Planning on installing a security light, attaching a wall-mounted mailbox or constructing a deck? All of these DIY jobs require you to find the studs from the outside of the home. The exterior cladding and boxing make an electronic stud finder ineffective because they're too thick and solid to get accurate readings. You could spring for an expensive X-ray unit, but most homeowners prefer an easier and cheaper approach to finding studs in stucco, siding and other materials.
Standard Wall Construction
Today's structural codes require builders to space wall studs uniformly to accommodate plywood and other 4-foot-by-8-foot sheeting materials. The most common stud spacing is 16 inches on center, which means the center of one stud is 16 inches from the center of the next stud. Stud spacing might be different, though. In some cases, you can find studs on 24-inch centers or even 12-inch centers.
Exterior Wall Studs Measurements
Builders use an outside corner as a reference point when framing walls, so you might be able to start at an outside corner and measure in 16 or 24 inches, plus the thickness of the siding, and find exterior wall studs. This technique doesn't always work, though, because the builder might have started framing at the other end of the house. If the house has a crawl space or an unfinished basement, examine the joist layout from below to see if you can determine which corner the builder used as a reference point. Wall studs often sit directly over floor joists.
Exterior Nailing Patterns
If your home has old cedar siding, you may be in luck. This type of siding was top-nailed. If you see a vertical line of nail heads through layers of old paint, you're in luck. A wall stud lies beneath. Newer types of siding are blind-nailed so each strip of siding overlaps the nails of the strip below. That means you won't see an obvious row of nails on the siding. You might be able to carefully pry the bottom edge of a strip of fiber-cement or other hard-type siding up just slightly with a nail bar and peer underneath to find a nail. For vinyl siding, use a vinyl siding removal tool to unsnap the seal between two pieces of siding, allowing you to see the nail heads. For solid cladding, such as stucco or brick, your best bet is to locate the studs inside the house and then transfer the measurements to the exterior wall.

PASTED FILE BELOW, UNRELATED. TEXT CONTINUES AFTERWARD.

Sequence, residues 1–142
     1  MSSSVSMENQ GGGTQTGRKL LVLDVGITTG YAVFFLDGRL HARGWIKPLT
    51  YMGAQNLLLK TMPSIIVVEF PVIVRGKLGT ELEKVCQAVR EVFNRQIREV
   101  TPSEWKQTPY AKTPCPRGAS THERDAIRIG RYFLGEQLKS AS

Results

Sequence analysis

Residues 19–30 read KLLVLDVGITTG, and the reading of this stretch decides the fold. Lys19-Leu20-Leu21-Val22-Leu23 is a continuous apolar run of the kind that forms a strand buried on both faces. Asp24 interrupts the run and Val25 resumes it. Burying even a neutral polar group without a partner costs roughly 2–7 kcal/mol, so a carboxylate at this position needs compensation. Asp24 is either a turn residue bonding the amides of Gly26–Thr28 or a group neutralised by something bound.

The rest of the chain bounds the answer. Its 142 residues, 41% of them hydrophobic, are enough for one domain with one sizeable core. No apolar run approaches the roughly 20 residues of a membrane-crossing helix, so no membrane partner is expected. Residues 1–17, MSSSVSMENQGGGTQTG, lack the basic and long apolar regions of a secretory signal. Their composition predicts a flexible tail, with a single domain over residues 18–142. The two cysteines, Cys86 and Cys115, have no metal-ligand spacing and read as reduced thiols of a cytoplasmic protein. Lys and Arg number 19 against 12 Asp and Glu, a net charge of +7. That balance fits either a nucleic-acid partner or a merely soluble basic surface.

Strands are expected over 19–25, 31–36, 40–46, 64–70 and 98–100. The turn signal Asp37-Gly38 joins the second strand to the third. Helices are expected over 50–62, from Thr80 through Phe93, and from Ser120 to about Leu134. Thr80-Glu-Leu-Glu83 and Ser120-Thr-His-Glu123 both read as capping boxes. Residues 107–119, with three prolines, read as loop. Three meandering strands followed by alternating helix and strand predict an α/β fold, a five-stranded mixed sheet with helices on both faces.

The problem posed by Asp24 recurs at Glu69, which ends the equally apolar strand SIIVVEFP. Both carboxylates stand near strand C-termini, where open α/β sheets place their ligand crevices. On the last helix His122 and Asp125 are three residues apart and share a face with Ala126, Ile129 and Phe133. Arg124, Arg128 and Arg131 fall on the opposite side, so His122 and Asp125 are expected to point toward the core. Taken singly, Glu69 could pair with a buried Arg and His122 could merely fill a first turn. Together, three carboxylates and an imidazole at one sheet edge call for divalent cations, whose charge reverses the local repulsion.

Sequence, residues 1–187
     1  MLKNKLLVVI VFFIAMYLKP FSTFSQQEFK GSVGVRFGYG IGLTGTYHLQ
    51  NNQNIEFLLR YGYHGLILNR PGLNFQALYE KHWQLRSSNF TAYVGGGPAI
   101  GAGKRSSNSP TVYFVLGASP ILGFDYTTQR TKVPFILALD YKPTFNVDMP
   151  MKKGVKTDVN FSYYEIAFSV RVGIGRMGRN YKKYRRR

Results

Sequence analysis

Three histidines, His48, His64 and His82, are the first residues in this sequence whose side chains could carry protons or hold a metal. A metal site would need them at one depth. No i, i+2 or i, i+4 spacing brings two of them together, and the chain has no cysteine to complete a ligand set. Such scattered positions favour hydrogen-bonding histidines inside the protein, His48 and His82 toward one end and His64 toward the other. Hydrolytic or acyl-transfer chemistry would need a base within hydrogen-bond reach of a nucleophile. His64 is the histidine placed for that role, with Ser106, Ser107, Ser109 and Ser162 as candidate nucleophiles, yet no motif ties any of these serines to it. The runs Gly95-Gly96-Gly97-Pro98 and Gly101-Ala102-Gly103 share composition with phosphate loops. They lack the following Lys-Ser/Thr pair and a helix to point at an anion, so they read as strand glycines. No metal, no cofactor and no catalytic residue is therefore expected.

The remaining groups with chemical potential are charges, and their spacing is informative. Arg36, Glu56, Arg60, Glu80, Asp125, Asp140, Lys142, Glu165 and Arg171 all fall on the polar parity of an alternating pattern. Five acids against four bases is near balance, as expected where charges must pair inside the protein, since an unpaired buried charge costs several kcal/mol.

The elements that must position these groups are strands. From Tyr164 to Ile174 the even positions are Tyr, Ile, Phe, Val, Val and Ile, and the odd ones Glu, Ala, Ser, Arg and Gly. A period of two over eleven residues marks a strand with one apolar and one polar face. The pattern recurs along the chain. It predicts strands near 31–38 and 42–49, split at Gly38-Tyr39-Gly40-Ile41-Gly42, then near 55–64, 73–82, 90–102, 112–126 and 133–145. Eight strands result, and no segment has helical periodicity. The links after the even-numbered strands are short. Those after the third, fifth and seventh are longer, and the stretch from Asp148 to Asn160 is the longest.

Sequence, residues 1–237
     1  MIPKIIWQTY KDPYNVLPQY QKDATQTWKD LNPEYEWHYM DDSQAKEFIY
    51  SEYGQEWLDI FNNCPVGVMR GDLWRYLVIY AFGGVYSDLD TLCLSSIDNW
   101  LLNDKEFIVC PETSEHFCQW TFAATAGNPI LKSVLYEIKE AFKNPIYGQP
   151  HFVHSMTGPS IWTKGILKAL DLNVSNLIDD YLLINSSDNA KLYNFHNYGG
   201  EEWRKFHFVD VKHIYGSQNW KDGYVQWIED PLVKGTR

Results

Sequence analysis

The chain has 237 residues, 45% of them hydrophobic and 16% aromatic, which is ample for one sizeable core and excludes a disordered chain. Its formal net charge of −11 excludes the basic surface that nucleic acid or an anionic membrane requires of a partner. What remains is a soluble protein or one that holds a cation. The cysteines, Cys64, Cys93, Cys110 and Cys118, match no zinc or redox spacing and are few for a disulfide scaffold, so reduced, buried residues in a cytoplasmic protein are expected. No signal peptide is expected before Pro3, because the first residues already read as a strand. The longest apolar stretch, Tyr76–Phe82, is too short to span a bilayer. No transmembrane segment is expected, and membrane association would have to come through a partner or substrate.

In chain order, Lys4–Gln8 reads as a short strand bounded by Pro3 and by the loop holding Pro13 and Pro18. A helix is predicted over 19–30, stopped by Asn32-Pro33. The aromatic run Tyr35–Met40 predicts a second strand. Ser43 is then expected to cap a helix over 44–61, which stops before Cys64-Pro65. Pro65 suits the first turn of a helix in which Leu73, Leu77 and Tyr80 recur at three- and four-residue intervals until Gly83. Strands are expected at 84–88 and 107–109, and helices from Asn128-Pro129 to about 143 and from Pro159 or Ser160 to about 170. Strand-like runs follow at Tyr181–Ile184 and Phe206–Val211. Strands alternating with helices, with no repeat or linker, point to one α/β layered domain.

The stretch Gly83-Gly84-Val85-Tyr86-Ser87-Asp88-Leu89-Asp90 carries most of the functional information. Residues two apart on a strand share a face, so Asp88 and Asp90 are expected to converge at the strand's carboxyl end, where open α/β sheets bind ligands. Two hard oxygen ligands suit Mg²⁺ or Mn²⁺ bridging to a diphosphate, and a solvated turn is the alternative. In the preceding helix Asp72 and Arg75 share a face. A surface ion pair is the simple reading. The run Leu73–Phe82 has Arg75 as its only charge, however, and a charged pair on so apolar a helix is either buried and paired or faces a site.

Locating Interior Studs
Use a good quality stud finder or rap firmly on the wall and listen for a solid sound, indicating a stud is beneath. You can also check base molding or crown molding for filled nail holes, which indicate stud location. Another clue is the location of outlets and switch boxes because one side should connect to a stud. Once you think you've found a stud, drive a test nail to determine the outside edges and center of the stud.
Finding studs around windows is an effective way to transfer measurements from the inside to the outside of your home. The glass in the window gives you a constant on both sides of the wall. If possible, measure from the edge of the glass in the nearest window to the stud. Measuring from door or window trim is often inaccurate because trim dimensions are often different on the inside and outside. The edge of the glass, however, is identical on both the inside and the outside, making it the best way to find a stud in your wall.
If the wall is windowless, transfer the measurements by adding the thickness of the wall to the distance from the inside corner to the stud. For example, if you locate an interior stud 12 inches from the corner, add the thickness of the drywall, usually 1/2 inch, plus the thickness of the studs, which is 3 1/2 inches if the studs are two-by-fours. Add another 1/2 inch for the boxing and 3/4 inch for standard lap siding. Add the 5 1/4-inch thickness of the wall to the 12 inches. From the outside, hook the tape measure over the outside wall corner and measure in 17 1/4 inches, and you should find a stud. Adjust wall thickness measurements accordingly for thicker walls.
Finding studs on the outside of your home is a little more challenging than interior stud location. But using standard building information and taking accurate measurements can help you do the job.
Glenda Taylor is a contractor and a full-time writer specializing in construction writing. She also enjoys writing business and finance, food and drink and pet-related articles. Her education includes marketing and a bachelor's degree in journalism from the University of Kansas.